One way I try to show respect to my crew is by having monthly carne asada lunches. I chose carne asada after talking with my crew members about where they’re from and their favorite foods. In addition to fostering camaraderie and showing appreciation for hard work and dedication, I wanted the meals to be an acknowledgment of their unique culture.
Resourcefulness is another key characteristic of Hispanic immigrants. Many come from countries that do not have a variety of materials or tools available, and their resourcefulness stems from having to get a job done regardless of what may or may not be on hand. If members of my crew can draw from this aspect of their culture to find a more efficient way to do something, I encourage them to apply that creativity.
Finally, similar to their emphasis on work ethic and respect, Hispanic immigrant workers value teamwork, and they will pick up the slack when needed to ensure a task gets done. You can enhance this trait by leading by example, and by focusing on being a leader rather than just a boss.
I also make sure my employees know our department’s vision: “To provide a challenging and enjoyable course and an environment where guests of all golf levels can create memorable experiences.” Clear awareness of what we want to accomplish and why we do the things we do makes us one unit working toward a common goal.
A philosophy of betterment, gratitude
We have weekly maintenance department meetings to discuss management announcements, feedback from members and guests, and tasks that need attention or improvement and how we can go about accomplishing them. Meetings provide an opportunity to give out congratulations for hard work, and for employees to voice comments. The gatherings are also a structured reminder of the vision we have for the golf course, as well as of the five core rules that govern our department: Be safe; be kind to others; give each task your best; if you make a mistake, tell someone; and have fun.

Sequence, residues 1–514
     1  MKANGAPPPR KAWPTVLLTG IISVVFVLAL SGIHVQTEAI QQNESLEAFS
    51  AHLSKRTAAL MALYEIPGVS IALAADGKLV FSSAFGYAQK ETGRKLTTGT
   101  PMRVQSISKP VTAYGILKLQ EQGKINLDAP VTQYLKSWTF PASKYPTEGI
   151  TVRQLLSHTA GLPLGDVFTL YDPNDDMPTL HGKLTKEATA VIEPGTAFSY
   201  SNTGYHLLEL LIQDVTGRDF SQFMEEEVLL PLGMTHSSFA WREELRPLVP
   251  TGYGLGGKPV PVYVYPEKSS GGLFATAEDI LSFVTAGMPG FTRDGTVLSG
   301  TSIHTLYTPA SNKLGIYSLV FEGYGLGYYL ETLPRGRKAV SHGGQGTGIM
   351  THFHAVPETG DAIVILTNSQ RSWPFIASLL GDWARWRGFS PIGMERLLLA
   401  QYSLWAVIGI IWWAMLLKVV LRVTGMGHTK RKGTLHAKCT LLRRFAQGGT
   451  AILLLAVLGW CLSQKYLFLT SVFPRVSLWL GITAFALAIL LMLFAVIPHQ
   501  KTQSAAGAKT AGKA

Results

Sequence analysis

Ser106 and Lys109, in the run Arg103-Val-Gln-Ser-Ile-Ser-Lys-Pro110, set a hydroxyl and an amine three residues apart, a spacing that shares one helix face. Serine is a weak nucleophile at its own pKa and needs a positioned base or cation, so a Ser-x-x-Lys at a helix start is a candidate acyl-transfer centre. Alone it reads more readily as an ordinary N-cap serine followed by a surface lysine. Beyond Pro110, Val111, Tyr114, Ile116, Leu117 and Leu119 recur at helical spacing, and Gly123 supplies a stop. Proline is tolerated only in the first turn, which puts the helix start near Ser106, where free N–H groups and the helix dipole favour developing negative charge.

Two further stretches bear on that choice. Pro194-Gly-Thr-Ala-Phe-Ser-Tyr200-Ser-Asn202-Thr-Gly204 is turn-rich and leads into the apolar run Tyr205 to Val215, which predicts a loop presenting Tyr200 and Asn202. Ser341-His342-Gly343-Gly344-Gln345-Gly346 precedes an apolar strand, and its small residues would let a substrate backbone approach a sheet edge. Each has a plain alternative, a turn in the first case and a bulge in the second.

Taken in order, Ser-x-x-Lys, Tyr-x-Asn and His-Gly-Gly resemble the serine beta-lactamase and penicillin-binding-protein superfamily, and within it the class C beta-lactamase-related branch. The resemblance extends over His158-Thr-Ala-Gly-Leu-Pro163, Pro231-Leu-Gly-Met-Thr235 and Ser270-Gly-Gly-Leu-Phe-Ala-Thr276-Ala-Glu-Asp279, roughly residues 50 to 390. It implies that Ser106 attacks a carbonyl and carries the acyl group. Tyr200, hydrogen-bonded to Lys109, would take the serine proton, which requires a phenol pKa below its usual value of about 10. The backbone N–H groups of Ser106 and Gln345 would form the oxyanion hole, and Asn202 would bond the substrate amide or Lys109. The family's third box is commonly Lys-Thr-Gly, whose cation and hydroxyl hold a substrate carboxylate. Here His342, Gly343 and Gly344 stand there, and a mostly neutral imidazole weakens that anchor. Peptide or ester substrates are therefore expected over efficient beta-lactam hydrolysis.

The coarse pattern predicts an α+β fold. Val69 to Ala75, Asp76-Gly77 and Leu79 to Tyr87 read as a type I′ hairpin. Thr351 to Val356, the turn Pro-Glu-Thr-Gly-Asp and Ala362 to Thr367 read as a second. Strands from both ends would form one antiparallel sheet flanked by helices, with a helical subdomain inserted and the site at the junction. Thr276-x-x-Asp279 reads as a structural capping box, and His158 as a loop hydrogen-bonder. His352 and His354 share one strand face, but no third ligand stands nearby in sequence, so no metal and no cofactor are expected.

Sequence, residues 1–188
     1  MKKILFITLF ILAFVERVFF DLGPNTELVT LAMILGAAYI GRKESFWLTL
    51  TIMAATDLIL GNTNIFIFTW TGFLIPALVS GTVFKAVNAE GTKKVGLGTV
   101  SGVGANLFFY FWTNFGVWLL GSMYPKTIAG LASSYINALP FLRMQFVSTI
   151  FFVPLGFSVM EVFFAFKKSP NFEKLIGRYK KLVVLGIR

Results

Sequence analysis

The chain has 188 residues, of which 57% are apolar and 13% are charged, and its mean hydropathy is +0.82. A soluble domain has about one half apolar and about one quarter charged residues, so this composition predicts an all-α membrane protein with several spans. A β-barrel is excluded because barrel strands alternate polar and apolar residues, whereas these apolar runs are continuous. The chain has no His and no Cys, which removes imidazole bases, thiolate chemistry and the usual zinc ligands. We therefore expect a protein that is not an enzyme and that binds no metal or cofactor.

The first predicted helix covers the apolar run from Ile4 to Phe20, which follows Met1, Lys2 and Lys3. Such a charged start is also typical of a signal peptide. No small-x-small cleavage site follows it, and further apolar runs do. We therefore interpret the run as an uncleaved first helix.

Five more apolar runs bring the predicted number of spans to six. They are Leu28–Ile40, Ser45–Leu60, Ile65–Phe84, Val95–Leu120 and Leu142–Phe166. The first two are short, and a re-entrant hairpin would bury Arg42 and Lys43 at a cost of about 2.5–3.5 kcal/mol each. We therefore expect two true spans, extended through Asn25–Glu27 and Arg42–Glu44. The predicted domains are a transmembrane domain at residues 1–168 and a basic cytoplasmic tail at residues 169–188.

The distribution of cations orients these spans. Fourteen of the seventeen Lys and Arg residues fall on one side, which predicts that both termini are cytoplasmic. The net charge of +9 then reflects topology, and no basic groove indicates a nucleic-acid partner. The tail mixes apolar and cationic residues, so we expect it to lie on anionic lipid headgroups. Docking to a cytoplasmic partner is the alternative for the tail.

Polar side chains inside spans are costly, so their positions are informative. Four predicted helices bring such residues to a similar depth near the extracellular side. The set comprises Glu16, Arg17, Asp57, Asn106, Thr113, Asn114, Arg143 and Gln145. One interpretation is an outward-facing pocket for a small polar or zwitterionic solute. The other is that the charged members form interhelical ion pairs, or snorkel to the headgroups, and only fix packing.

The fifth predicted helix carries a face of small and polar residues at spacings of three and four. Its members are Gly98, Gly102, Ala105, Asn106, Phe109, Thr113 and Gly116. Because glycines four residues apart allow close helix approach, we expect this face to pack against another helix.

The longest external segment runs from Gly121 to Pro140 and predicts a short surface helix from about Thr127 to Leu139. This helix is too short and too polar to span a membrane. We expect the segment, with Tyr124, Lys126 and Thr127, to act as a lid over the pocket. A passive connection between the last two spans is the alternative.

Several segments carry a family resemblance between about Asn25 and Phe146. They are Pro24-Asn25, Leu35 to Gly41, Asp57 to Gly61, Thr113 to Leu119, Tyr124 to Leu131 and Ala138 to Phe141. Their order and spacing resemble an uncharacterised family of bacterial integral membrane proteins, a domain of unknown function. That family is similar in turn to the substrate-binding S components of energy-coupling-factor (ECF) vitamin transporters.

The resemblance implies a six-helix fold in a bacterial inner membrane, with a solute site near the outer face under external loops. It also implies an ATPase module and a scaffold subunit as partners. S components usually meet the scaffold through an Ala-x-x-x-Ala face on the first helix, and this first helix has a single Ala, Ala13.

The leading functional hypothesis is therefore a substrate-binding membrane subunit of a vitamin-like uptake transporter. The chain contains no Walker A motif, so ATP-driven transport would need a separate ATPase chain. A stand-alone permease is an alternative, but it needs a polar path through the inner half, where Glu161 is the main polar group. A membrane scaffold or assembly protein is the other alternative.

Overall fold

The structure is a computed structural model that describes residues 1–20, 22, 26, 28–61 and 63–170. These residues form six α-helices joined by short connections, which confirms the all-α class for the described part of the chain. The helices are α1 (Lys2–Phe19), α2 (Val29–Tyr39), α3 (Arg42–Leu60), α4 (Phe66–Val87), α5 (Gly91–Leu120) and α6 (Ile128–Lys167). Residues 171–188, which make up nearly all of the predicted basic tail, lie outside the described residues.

An objective of mine as a supervisor and leader is to foster skills that will benefit my employees in both their professional and personal lives. At Southern Oaks, maintenance crew members have the opportunity to acquire skills beyond just their job-specific duties. The club offers on-site English classes for those looking to learn or become more fluent, and employees can also take computer classes and cross-train in other tasks around the course. All of this translates to employees who are more versatile.
Southern Oaks crew members attend English classes on Saturday or Sunday mornings for the last hour of their shift.
In addition to these concrete skills, I also focus on developing my crew members’ interpersonal skills, such as how to communicate effectively with co-workers and how to properly introduce oneself when meeting someone new. We work on intrapersonal skills as well, which include things such as setting goals and understanding and managing emotions. I also strive to instill resiliency skills in my employees — strategies for adapting to change and overcoming challenges. I see all of this as an investment in developing a company’s greatest asset: its employees. A well-treated staff will be happier, of course, and their satisfaction will likely make them more motivated and more inclined to remain with a company.